Gov. Pritzker announces plan to clear unemployment insurance debt

Illinois Gov. JB Pritzker speaks during a press conference at the State Capitol Tuesday Nov. 29, 2022.
Illinois Gov. JB Pritzker speaks during a press conference at the State Capitol Tuesday Nov. 29, 2022.

Joined by a bipartisan group of lawmakers, Gov. JB Pritzker announced Tuesday an agreement to rid the state of its unemployment insurance loan debt.

The $1.36 billion in Unemployment Trust Fund debt will be eliminated through a contribution of $1.8 billion in state funds where the extra $450 million will be an interest-free loan to repaid over the next 10 years.

The investment allowed the state to clear the debt that grew to as much as $4.5 billion during the COVID-19 pandemic, Pritzker said, calling it a fiscal win for Illinois businesses and residents.

"We've restored our unemployment system to good, working order after the most serious economic downturn since the Great Depression," the governor said during his first visit to the state Capitol since his re-election.

That downturn forced the state to borrow $4.5 billion from the federal government, which $3.1 billion has been repaid.

The agreement would increase an employee’s “taxable wage base” – which is the amount of an employee’s wages for which an employer must pay unemployment taxes – by 2.4 percent for each of the next five years. It also would increase the target balance of the fund’s reserves from $1 billion to $1.75 billion.

The final payment eliminates the debt while maintaining no reductions to the number of weeks and amount of unemployment benefits an unemployed person can receive.

Three weeks have passed since the contentious midterm elections, which lawmakers on both sides said made the bipartisan agreement all the more important.

Senate President Don Harmon D-Oak Park speaks during a press conference at the State Capitol Tuesday Nov. 29, 2022.
Senate President Don Harmon D-Oak Park speaks during a press conference at the State Capitol Tuesday Nov. 29, 2022.

“In my brief tenure as Senate president, what I’m most proud of is the work we’ve done to restore fiscal stability," said Senate President Don Harmon, D-Oak Park. "This agreement is yet another step forward. I applaud everyone involved for coming to the table with workable ideas and the desire to be part of a solution.”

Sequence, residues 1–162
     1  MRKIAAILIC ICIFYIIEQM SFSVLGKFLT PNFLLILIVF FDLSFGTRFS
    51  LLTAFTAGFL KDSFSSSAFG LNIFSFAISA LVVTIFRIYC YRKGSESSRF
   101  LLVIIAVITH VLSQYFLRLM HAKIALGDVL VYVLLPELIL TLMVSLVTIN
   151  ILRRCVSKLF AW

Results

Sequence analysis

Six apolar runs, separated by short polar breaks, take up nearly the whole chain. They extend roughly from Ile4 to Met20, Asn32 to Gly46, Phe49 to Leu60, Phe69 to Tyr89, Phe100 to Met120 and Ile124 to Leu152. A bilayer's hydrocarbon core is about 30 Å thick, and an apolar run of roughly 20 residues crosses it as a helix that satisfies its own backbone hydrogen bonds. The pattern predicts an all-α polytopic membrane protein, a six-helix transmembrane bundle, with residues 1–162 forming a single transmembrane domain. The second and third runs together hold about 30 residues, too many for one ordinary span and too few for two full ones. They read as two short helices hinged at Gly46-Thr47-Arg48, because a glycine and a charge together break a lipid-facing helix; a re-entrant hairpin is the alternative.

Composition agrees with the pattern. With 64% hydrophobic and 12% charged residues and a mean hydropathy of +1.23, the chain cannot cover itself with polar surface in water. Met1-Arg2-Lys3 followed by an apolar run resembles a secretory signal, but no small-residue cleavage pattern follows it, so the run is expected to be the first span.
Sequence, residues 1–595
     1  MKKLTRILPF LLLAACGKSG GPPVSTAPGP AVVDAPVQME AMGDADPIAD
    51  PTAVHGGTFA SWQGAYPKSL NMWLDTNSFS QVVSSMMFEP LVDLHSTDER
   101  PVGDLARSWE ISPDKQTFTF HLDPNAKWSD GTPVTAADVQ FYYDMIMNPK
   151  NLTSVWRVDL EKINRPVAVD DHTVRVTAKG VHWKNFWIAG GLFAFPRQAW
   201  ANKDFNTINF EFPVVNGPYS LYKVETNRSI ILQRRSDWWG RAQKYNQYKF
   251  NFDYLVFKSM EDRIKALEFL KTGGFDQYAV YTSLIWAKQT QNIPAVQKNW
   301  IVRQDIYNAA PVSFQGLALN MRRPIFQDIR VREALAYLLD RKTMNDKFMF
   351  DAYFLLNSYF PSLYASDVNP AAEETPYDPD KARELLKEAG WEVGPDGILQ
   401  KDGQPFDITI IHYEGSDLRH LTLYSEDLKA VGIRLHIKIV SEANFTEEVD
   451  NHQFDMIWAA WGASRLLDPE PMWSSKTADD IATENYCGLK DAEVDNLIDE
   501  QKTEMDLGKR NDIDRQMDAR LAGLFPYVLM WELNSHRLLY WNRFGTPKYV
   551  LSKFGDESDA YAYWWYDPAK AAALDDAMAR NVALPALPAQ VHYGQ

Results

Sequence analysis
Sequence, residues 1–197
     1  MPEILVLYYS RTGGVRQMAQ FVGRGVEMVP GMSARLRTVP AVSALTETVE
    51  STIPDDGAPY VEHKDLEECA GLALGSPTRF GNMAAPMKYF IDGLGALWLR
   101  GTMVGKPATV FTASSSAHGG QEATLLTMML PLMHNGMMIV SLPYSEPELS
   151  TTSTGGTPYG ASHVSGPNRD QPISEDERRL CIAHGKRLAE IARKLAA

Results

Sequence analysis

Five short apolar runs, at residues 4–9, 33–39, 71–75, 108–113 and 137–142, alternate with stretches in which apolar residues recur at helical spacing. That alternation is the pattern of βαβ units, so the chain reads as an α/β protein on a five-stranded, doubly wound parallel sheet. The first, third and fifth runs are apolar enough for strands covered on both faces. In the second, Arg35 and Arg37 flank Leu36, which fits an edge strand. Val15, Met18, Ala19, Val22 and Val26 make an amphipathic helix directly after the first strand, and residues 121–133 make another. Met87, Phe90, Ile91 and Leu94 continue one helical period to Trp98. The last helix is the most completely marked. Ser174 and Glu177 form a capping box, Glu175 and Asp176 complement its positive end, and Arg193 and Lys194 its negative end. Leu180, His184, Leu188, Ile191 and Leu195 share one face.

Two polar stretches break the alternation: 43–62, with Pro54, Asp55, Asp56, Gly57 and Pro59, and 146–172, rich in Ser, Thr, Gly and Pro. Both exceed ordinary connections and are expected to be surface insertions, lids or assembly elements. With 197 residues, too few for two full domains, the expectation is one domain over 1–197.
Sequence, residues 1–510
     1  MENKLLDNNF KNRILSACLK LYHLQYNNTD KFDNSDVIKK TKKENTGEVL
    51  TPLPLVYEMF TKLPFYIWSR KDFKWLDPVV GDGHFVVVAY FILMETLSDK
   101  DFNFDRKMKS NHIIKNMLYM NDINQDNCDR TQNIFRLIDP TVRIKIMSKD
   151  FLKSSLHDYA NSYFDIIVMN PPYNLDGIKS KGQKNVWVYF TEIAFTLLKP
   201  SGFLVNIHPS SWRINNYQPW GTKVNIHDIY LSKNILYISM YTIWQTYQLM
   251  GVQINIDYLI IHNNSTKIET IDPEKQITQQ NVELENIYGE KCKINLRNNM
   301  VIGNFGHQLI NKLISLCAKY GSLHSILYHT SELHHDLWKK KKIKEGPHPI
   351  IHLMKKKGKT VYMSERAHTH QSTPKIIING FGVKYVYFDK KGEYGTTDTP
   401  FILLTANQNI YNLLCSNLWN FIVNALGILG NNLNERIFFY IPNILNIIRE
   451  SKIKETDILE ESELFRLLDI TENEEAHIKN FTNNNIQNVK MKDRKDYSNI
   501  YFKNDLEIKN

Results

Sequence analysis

The unemployment trust fund is generally funded by the state’s businesses through insurance premiums collected via payroll taxes.

"Without this agreement, Illinois employers would have had to pay nearly $1 billion more in taxes over the next five years," added Deputy Minority Senate Leader Sue Rezin, R-Morris. "Thankfully, we were able to avoid this worse-case scenario."

State Senator Sue Rezin R-Morris speaks during a press conference at the State Capitol Tuesday Nov. 29, 2022.
State Senator Sue Rezin R-Morris speaks during a press conference at the State Capitol Tuesday Nov. 29, 2022.

In repaying the $450 million loan, the funds will be redirected to the state's rainy day fund. Pritzker proposed earlier this month the state invest $1.3 billion into that fund.

The governor said the state still needs to at least reach the 5% benchmark of an annual budget and would like to see the legislature take up action to build the rainy day fund.

Related:The State of Illinois' rainy day fund tops $1 billion for the first time

"That's not enough," Pritzker said of the $450 million heading towards the fund over the next 10 years. "We're still going to have to talk to the legislature and, hopefully with bipartisan support, for the new budget."

Comptroller Susana Mendoza indicated her support of the governor's proposal but also wants the Illinois General Assembly to pass House Bill 4118 -- which would require annual funding of the rainy day fund and the pension stabilization fund.

The debit pay-off agreement heads to the General Assembly where it is expected to pass before the veto session adjourns.

Capitol News Illinois contributed.

Contact Patrick Keck: 312-549-9340, pkeck@gannett.com, twitter.com/@pkeckreporter

This article originally appeared on State Journal-Register: Plan announced to clear $1 billion in unemployment fund debt